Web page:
2017 was a spectacular year in almost every facet of the auction industry specializing in historically significant and storied objects. The world’s most valuable painting, gemstone, earrings, wristwatch, manuscript and religious document all changed hands, but as usual, scant regard was paid to the landmark scientific texts that underpin mankind’s understanding of the world.
Indeed, the success of the 2017 auction year depends on the way in which it is measured.
The number of documents and manuscripts to sell for more than US$1,000,000 hit its lowest point in many years with just five exceeding that figure, only one of which was scientific in nature.
This compares unfavorably with 2016 (13 documents, three scientific documents), 2015 (11 documents, two scientific documents), 2014 (nine documents, one scientific document), 2013 (nine documents, four scientific documents), 2012 (11 documents, six scientific documents) and 2011 (11 documents, three scientific documents).
Our list of the 50 most valuable scientific documents of 2016 featured three items of immense value (Newton’s Principia @ $3.72 million, Besler’s Hortus Eystettensis @ $2.55 million, and Rheticus’ De Libris Revolutionum @ $2.4 million) yet the 50th entry on our list this year (2017) is within a few dollars of number 50 in 2016.
Einstein shines as usual
The influence of Albert Einstein, science’s rock star, is again obvious in our list for this year as a significant cache of correspondence sent by Einstein to his life-long friend Michele Besso found its way to auction, with the most significant letters and postcards fetching $377,635, $150,000, $137,500, $136,941 and $125,000 respectively.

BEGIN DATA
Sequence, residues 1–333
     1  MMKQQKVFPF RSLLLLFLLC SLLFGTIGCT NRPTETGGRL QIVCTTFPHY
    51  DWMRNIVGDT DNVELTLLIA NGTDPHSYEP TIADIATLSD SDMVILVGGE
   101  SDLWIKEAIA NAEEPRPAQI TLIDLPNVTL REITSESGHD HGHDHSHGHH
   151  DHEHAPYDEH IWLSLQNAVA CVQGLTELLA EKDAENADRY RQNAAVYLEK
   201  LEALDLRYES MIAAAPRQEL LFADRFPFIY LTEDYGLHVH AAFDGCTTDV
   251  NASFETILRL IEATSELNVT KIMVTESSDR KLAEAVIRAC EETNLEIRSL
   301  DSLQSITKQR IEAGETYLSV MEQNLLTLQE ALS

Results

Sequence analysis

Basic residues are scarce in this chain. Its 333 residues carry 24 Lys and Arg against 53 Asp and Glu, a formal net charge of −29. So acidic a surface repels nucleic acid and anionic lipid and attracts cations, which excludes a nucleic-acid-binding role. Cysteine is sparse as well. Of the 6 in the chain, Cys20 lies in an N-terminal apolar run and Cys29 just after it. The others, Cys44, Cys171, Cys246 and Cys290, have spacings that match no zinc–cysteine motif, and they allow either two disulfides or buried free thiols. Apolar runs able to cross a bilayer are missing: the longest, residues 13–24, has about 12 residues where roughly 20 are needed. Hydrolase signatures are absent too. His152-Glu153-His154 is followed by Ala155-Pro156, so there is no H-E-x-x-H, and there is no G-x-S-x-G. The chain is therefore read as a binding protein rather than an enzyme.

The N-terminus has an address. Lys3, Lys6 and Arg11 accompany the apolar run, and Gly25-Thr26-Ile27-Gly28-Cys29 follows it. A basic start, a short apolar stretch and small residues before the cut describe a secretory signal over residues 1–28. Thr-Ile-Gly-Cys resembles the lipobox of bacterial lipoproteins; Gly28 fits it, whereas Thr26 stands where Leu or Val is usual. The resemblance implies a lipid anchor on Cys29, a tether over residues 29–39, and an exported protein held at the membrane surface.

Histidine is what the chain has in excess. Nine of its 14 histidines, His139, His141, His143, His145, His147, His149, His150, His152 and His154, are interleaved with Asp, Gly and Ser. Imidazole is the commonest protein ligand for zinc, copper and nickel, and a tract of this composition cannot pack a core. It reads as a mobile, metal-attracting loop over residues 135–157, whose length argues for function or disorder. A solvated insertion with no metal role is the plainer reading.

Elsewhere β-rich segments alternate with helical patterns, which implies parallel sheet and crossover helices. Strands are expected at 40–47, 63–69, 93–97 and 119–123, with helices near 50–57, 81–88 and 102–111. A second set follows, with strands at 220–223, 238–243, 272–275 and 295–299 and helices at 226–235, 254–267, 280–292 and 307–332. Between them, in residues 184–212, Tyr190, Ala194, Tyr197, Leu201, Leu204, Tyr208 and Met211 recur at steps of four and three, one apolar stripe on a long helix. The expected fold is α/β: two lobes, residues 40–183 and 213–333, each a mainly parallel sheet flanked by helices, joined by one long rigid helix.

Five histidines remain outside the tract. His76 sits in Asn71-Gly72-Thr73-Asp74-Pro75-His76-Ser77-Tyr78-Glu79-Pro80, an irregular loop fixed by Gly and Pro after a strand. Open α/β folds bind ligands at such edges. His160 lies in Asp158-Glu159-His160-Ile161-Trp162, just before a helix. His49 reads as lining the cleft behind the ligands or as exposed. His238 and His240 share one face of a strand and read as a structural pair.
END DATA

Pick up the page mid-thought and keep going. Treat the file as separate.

The correspondence with Besso covers not just their shared passion for physics (Besso was his only acknowledged collaborator on the ground-breaking theory of Special Relativity), but every aspect of life, and the letters cover a 50 year period. Those with scientific content have been included and as usual, we’ve included a bunch of non-scientific documents and objects (marked DNQ) so that comparisons can be made on how the marketplace values significant cultural and religious artifacts.
The image above is The Marine Atlas or Seaman’s Complete Pilot by William Heather
The frontispiece for this publication (in the image gallery) says it all: “The marine atlas : or seaman’s complete pilot for all the principal places in the known world, comprising a new and elegant collection of charts, accurately drawn and engraved from the most approved surveys and publications. Exhibiting on a large scale all the discoveries and improvements of the most celebrated navigators, both English and Foreign, ancient and modern, particularly those of Cook, MacKenzie, Wallis, Dixon, D’Apres, Clerke, Bougainville, Anson, Byron, Carteret, Forrest, Maurelle, King, Dalrymple, Dampier, Wilson, Vancouver, Furneaux, Portlock, Marchand, Phipps, Blight, Shortland, Perouse, etc with many additions and improvements. Now first made public under the patronage of several able and distinguished officers in the Navy and East-India Company’s service, the whole forming a valuable and extensive selection, methodized, arranged and published for the use of the mariners of Great Britain by W Heather.”
The book is rare and the last two copies to come to auction prior to this were at Sotheby’s in 2012 where it fetched $91,044 (£56,450) and Christies in 2016 where it fetched $115,440 (£80,500).